What we can gather from this information is the following:
- It is the first time the company is drilling here.
- There are no geophysical/geochemical anomalies
- The aim of the program is to build an understanding of the geology in the area
- The drilling program is mostly aircore drilling (lowest cost drilling used mostly in target generation works - you can read more about the different types of drilling)
From all of this information we can clearly see that the program can be classified as “first pass” and mostly reconnaissance work.
Second, what would be deemed a successful results for this drilling program:
Having established the type of drilling program the company is doing, we try to establish what a successful outcome from this program would look like.
Going back to our BPM example.
We would in this scenario consider a successful program one that returns lead-zinc mineralisation that warrants follow up drilling and a large footprint of lead-zinc mineralisation over the areas drilled.
This would validate the theory that there may potentially be a larger discover deep in the grounds of the Hawkins project.
The third and final step is to put these into three easy to understand scenarios:
Having established what success looks like, we like to take a step back and set our expectations in three different scenarios that all investors are likely familiar with.
- The bullish case result (best case result - often something surprising happens)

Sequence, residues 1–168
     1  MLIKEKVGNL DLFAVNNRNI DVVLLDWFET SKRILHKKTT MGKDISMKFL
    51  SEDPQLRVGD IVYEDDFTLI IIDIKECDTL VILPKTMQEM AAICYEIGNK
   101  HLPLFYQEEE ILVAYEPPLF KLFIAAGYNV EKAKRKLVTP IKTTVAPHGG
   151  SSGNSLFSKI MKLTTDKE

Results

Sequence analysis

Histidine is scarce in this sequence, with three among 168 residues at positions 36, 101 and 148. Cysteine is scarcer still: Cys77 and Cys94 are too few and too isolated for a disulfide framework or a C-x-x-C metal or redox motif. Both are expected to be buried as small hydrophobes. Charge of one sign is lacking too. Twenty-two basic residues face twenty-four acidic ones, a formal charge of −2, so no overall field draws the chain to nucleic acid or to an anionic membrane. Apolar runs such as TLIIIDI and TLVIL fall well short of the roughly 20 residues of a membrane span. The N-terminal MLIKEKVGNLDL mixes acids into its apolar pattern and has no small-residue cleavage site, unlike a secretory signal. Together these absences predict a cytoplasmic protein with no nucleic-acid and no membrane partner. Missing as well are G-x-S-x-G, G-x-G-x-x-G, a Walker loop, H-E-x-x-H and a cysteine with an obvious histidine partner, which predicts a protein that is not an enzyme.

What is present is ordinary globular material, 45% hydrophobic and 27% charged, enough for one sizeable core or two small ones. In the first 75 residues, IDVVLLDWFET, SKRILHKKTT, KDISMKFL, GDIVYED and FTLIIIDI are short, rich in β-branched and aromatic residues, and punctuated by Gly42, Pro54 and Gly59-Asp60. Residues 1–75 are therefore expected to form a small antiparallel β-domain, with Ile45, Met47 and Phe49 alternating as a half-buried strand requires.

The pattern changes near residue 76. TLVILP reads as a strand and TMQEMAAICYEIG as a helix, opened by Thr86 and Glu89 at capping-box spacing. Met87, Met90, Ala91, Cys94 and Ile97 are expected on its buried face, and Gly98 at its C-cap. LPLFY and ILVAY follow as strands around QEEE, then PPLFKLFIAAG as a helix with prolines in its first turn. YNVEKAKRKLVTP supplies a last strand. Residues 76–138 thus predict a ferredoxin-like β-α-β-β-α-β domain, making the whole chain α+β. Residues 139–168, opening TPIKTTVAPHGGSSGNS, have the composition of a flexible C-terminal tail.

- The base case result (good result - company meets its objectives for the program)
- The bearish case result (poor result - no mineralisation is found and the company has to go back to the drawing board.
After setting these expectations we are then ready to wait and receive the results from the drilling program.
Once the results come out instead of acting irrationally and selling or buying more shares based on what the market is doing. We go back and check to see where our investments results fit in the list of expectations we have set and then make a decision accordingly.
Going back to the BPM drilling program, we would set the following scenarios:
- Bullish result = Company finds enough information to warrant follow up drilling with some unexpected shallow, high grade lead-zinc mineralisation.
- Base result = Company finds enough information to warrant follow up drilling.
- Bearish result = Company finds nothing and has to go back to the drawing board.
Why is setting clear expectations important?
We think that without expectations set in advance of binary results like the results received from a drilling program, we would be exposing ourselves to acting irrationally or with emotion rather than objectively and based on the facts of the results.
New investors often react to market prices or online chatter to evaluate a result, however by setting the expectations beforehand, it helps us focus on the result and make objective decisions, without the noise.